Media watch – Sunday

1 April 2018

MediaWatch

Media Watch is a focus on New Zealand media, blogs and social media. You can post any items of interested related to media.

A primary aim here is to hold media to account in the political arena. A credible and questioning media is an essential part of a healthy democracy.

A general guideline – post opinion on or excerpts from and links to blog posts or comments of interest, whether they are praise, criticism, pointing out issues or sharing useful information.

Previous Post

16 Comments

  1. sorethumb

     /  April 1, 2018

    Insight: NZ Wars – A Day to Remember?
    https://www.radionz.co.nz/national/programmes/insight/audio/2018638372/insight-nz-wars-a-day-to-remember
    What the students got 5000 signatures “there was a lot of support but also a lot of resistance”?
    The government fell for it thanks to the Maori Party.
    “intergenerational pain” – yeah right,
    Pure malice.

  2. sorethumb

     /  April 1, 2018

    Mr Tipene agreed, and said New Zealanders had to understand and know the stories of the battles and conflicts that happened here in Aotearoa to move on as a nation.

    “Some people don’t even want to know these stories, they are still saying ‘why are these people aggrieved? Why do they get treaty settlements? Why they are they getting handouts from the government? Why are the Māori looking so lazy, and why do they fill the prisons?’,” he said.

    To really understand why probably all indigenous cultures are, who have been oppressed are still in poor socio-economic conditions – there is a key theme running through all of this that oppressed people do not have poor statistics because they just want to, there is a good reason for that – understanding all that is important as we move forward as a nation.”
    https://www.radionz.co.nz/national/programmes/insight/audio/2018638372/insight-nz-wars-a-day-to-remember

    Evidence?
    Evolutionary psychology – people suited to tribal life. Industrial society requires a division of labour. Higher skills demand higher pay.
    Maori have an inter generational narrative: “all the land was stolen” (works for mixed race Maori).

    • sorethumb

       /  April 1, 2018

      Maori do better in Australia when they are away from the tribal structure?

      • Corky

         /  April 1, 2018

        Yes, many do. Those who revert back to tribal structures in Australia aren’t generally as successful.

  3. phantom snowflake

     /  April 1, 2018

    West Side Tory
    ‏ @tauhenare
    $20 bucks an hour as a minimum wage will not break the bank, it might even have the opposite effect and get things cracking again. Don’t be bullied by people who earn 200k+ per year telling people who earn #SFA, “im sorry, but the country just can’t afford it” It’s bullshit.

    • Alan Wilkinson

       /  April 1, 2018

      It mightn’t break the bank but it might cost some jobs. How would you know how many?

    • Corky

       /  April 1, 2018

      The estimate is 28,000 jobs lost. The Reserve Bank estimate, I believe.

  4. sorethumb

     /  April 1, 2018

    Historical&Trauma,&Race;based&Trauma∧&Resilience&of&Indigenous&Peoples:&A&literature&review
    Abadian (2006) made a similar argument as Denham (2008) in her presentation at the “Healing our Spirits Worldwide” conference. She argues that cultural renewal can be as dangerous as it can be rehabilitative. She refers to the Lakota people’s historical attempts to renew culture that ended tragically – as in the 1890 Massacre of Wounded Knee. Furthermore, other so-called cultural renewals, such as Hitler’s attempts to renew the “great Aryan nation” or Serbia’s attempt at cultural resurgence have all ended horribly and been toxic to survivors. Abadian argues that cultural renewal requires paying attention to the stories that one tells themselves in relationship to others and who is responsible for the way things currently are. She refers to these stories as meta-narratives – and asserts that toxic cultural renewal is an outcome of toxic cultural narratives. In turn, these cultural narratives are the outcome of past traumas. The first step in the regeneration of healthy and affirming cultures is the telling of life-affirming and healthy narratives. She draws on the example of a young child who was sexually abused by an extended family member. Because the child only has “pre-operational thinking” (Piaget, 1928) or believes that everything that happens is as a direct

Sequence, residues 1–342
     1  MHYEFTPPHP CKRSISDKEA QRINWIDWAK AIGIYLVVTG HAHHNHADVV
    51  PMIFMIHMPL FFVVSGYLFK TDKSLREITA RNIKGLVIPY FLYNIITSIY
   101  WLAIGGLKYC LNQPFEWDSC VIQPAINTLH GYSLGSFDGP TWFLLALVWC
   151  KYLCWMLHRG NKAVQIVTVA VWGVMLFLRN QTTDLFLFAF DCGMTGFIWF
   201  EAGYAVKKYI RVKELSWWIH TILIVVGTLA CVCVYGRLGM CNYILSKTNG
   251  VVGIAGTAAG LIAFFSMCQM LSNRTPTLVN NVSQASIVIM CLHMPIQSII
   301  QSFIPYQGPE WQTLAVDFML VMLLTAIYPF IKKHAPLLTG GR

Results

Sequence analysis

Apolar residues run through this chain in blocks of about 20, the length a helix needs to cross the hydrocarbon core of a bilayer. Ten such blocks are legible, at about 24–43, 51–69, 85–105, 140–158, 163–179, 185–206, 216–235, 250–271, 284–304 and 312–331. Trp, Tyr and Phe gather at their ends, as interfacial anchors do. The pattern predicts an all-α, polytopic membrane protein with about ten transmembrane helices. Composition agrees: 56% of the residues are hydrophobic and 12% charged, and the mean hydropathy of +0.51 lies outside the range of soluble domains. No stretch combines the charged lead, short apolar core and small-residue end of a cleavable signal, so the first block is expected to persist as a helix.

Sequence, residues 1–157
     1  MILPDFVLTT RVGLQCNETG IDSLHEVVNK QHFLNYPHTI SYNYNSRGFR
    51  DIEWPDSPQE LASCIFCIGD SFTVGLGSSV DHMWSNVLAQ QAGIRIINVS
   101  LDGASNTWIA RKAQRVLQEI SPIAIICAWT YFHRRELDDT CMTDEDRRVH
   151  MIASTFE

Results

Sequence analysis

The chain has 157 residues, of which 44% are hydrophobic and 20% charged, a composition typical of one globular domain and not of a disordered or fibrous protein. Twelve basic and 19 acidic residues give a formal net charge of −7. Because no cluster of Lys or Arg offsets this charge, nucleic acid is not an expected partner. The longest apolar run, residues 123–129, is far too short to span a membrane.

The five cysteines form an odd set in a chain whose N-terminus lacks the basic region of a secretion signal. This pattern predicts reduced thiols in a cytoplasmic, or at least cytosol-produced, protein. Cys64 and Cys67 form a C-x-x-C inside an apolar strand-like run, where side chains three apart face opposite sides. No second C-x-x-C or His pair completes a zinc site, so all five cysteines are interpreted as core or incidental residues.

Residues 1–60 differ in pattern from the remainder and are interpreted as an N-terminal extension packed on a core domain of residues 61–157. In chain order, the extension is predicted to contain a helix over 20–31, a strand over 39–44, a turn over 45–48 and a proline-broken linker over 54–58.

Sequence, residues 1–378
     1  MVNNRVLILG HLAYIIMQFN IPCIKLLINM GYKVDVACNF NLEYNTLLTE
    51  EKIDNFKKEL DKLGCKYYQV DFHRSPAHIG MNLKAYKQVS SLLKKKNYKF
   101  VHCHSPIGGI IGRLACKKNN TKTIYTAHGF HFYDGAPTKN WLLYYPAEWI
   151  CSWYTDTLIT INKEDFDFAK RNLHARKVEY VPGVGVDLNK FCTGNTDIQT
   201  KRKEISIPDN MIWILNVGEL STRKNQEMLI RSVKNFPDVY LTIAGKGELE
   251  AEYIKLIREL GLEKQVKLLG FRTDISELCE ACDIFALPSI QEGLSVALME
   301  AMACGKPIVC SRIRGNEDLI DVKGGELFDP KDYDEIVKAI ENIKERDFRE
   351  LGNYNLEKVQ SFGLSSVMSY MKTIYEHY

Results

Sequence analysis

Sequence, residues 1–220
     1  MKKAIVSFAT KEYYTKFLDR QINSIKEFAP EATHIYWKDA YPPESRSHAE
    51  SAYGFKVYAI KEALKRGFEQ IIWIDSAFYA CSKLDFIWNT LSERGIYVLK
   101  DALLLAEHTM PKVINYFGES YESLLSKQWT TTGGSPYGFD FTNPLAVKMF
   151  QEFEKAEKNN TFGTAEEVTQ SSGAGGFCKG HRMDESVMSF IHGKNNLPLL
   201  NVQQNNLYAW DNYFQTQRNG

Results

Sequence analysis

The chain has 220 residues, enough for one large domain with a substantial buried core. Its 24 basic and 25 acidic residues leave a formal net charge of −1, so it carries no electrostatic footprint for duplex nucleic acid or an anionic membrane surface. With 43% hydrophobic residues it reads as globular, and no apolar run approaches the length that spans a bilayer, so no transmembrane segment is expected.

result of what they have done, they come to believe that any harm that occurs is their fault. This child thus goes through his life believing he is damaged, unloveable and unworthy of healthy relationships. These “post-traumatic” narratives tend to be habitual, frozen in the past, self-referential and selfreinforcing. In the same way, entire communities can pass on
    unhealthy narratives to future generations.

    https://fncaringsociety.com/sites/default/files/online-journal/vol5num1/Fast-Collin-Vezina_pp126.pdf

  5. Alan Wilkinson

     /  April 1, 2018

    Like the Independent’s April 1 story: Trump abandons Twitter.

  6. Corky

     /  April 1, 2018

    Is this a marriage made in heaven…or a divorce before consummation?

    ”Carol Hirschfeld joining Whaleoil Media.”

    • High Flying Duck

       /  April 1, 2018

      Or is it April 1st?

      • Corky

         /  April 1, 2018

        I thought it was true… bummmer.

        • Blazer

           /  April 1, 2018

          not surprised.Corky will believe anything.A head like a sponge absorbing fake news,and …disinformation from MSM.

          • Corky

             /  April 1, 2018

            I was hoping to snare a sucker. Kind of backfired…but not completely.

  7. Not sure who this will appeal to:

    I don’t know if the Green membership are still deciding on leadership or not. Presumably so, the result won’t be announced until 8 April.